SOUTHERN COLORADO — Medical experts and sports professionals are weighing in on the dangers of head injuries in young athletes. This comes as doctors diagnosed former Broncos player Demaryius Thomas on Tuesday morning with stage two CTE after his death in December, according to the New York Times.
Chronic traumatic encephalopathy (CTE) is a degenerative brain disease caused by repetitive blows to the head. Athletes who play contact sports such as football or ice hockey are at a higher risk of developing the disease. Severity can differ between patients, including everything from mood swings, headaches, to more severe symptoms like depression and manic anger issues.
Paul Browning, former wide receiver for the Cleveland Browns and graduate of Colorado State University-Pueblo, said that even though he's never had a diagnosed concussion during his career, safety concerns about head injuries lived in the back of his mind. Now as a coach for younger athletes, specifically at the Pro Football Camp in Colorado Springs, he says game safety is important to address on the field before it's too late.
"When you have these non-contact camps, obviously, emphasizing the non-contact, but also being able to teach people how to play football and teach them how to move how to hit. You know, those are the things that can really help prevent a lot of the brain injuries that you see in the game," Browning said.
He said safety measures like soft-shell helmets and changing rules are important to change the course for young athletes.
"They all play a part in making sure that, you know, you can play football for the longest amount of time and you can enjoy it without having to deal with some of the injuries that come with it," he said.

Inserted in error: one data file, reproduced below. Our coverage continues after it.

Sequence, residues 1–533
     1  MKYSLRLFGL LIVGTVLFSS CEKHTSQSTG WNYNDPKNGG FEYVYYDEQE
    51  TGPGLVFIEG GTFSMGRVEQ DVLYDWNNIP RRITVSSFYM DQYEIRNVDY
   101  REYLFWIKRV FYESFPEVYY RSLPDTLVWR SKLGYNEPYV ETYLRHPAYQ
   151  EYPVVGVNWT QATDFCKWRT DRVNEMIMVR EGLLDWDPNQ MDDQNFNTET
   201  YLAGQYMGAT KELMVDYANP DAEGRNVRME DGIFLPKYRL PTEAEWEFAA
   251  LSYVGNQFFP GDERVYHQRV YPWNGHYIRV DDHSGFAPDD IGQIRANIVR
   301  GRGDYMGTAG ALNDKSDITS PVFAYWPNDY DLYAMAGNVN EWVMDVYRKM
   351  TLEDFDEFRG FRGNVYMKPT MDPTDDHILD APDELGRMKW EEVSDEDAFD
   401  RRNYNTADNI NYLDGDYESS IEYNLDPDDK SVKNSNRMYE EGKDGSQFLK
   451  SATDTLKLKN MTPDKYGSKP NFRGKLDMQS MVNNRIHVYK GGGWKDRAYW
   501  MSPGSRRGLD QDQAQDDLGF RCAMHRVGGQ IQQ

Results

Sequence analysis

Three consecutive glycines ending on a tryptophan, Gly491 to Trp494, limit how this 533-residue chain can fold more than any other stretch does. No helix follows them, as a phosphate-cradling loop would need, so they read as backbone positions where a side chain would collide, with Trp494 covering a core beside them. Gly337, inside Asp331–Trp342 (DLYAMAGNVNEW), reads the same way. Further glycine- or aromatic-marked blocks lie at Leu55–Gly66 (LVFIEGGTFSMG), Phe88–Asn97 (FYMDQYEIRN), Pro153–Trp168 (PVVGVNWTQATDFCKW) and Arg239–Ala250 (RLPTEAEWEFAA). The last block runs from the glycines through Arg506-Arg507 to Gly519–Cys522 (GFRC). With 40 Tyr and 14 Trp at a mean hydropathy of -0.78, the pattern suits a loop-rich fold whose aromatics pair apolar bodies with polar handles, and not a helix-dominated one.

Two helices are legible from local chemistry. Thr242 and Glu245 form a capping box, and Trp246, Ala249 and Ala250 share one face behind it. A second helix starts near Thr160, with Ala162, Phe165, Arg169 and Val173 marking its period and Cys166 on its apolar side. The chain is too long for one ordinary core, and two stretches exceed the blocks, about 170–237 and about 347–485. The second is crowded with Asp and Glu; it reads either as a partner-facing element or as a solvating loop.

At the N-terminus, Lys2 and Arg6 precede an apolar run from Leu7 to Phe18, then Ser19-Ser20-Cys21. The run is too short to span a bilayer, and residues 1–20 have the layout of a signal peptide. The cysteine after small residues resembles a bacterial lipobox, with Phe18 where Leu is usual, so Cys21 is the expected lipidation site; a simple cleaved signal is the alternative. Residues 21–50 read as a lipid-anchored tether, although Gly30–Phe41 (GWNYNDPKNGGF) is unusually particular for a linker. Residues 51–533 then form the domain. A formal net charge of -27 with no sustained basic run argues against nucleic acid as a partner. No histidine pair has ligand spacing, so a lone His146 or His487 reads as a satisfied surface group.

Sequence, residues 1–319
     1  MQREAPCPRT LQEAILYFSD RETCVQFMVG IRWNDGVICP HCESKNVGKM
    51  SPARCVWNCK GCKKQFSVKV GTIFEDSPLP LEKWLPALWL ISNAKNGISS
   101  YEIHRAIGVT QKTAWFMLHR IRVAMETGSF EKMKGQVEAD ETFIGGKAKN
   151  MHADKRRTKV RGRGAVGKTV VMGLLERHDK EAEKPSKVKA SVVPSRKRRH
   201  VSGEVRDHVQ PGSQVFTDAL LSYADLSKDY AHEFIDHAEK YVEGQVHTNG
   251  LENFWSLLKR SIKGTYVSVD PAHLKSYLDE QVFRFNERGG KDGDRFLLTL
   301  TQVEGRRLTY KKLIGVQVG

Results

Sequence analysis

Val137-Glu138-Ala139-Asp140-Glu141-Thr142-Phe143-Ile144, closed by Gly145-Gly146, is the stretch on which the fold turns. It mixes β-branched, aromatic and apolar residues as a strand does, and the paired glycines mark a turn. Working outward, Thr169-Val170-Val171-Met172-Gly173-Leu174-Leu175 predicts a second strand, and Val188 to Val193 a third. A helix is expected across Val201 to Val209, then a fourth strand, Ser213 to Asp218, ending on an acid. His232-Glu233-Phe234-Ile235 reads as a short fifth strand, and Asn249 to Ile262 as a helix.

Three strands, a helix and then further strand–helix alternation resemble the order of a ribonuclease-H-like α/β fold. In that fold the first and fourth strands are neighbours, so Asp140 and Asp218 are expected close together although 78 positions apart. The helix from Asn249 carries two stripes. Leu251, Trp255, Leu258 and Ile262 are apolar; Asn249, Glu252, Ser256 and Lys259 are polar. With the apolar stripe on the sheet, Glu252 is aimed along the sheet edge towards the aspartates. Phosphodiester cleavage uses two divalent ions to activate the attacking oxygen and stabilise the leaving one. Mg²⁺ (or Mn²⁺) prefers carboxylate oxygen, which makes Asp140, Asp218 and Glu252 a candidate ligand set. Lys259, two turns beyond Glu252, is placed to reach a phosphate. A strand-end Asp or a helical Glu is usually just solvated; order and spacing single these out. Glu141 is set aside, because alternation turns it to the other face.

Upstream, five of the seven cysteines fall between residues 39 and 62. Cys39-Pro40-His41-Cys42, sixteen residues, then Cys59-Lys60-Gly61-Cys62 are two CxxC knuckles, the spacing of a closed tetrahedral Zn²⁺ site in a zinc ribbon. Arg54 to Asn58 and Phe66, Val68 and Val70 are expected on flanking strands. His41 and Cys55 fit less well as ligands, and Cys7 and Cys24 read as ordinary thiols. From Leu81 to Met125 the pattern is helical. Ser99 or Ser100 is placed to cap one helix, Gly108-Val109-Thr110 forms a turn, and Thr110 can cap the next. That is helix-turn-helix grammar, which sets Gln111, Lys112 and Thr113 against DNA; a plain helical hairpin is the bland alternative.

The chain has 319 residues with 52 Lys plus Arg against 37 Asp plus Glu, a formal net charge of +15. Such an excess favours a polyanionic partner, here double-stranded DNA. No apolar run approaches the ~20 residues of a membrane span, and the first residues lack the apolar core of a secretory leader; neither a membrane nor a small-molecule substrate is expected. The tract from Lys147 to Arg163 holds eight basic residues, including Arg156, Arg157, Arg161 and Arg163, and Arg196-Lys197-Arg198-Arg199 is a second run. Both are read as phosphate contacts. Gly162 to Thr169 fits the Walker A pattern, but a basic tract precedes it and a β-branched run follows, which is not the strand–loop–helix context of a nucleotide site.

Dr. Lorne "Mac" MacDonald, a physical therapist and sports medicine specialist in Colorado Springs, said he treats athletes from the third degree up to the Olympic level. He said the prevalence of head injuries in sports, like football, is outstanding, and younger athletes feel the effects on a greater scale.
"The heads not developed, the brains not developed, the neck muscles aren't developed enough," he said.
Dr. MacDonald agrees that changing sports safety measures can help with the issue, but that more awareness and research on CTE is key to significant change.
"There's more that we don't know than what we do know, other than it [CTE] does exist. We know that you know, that if you get a concussion, you're more susceptible to a second concussion. We know that young brains, for example, are more susceptible," he said.
One of the barriers to treating CTE is that it's only detectable in an autopsy after death. Dr. MacDonald said that despite continuous research, there is still no test available to detect CTE. He said right now, awareness of the issue is the most important and that athletes can help themselves out by getting tested for concussions after any hit to the head.
"We do a quick neurological screening and make a determination on whether they can go back to play," he said. "There's tons of things we're trying to do to at least detect it, you know, concussions."
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